And thank you, because now you made me doubt mine;-( I just bought the NEX 5r, with filters, a Raynox macro lens, and the Sigma 19 and 30mm to replace my LX5 and I´m still in doubt whether to cancell the order…. This after it took me months to figure it all out. The reason for my purchase is that I wanted more zoom reach, I will buy the Panasonic FZ200 for that, and better photo quality, nice bokeh, better low light performance and faster action, for which I chose the NEX. I don´t know if it´s me, or my LX5, but my pics are loaded with yellow blotchy noise. Just yesterday I took a picture of my dog next to the vertical blinds, daylight,100 iso, and those blinds were yellow blotchy all over. I do find the camera very special but that is just a bit too much.

    1. So you went for the Nex5r in the end. Great camera. I had some good results from mine but the only problem was the lack of lense choice for landscapes. Your LX5 still doesn’t sound right to me. I know you sent me some samples once but happy to take a look again to see if I can spot the problem.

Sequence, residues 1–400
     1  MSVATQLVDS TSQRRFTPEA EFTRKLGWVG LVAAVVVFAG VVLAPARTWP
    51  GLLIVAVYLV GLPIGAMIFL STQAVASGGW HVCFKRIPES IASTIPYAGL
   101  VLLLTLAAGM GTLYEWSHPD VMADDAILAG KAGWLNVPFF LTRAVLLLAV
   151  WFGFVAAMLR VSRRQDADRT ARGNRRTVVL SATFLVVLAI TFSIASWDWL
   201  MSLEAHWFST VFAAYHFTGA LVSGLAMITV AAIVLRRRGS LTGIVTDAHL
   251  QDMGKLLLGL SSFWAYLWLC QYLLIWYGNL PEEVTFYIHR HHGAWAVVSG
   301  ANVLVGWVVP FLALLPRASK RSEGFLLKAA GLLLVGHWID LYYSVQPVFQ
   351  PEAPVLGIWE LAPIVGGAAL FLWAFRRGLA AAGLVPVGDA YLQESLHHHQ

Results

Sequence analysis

6. I too have a GF1. I bought it just before it was replaced by the GF2, and got a great deal (£500 with the 20mm lens). I had decided to spend plenty of time with just one focal length, learning it properly, and improving my composition.

    The quality was more than adequate (though I did invest plenty of time in learning how to get the most out of the RAW files, which [to my eye] give much nicer colours and definition than Panasonic JPEGs).

    I’ve invested in a few more primes since. For the most part, I’m very pleased with my prime lens collection, but there’s still this nagging desire to improve my compositional skills still further by sticking with one lens.

    The GF1 had two big issues for me – 1) the crap viewfinder, and 2) the noise above ISO 800.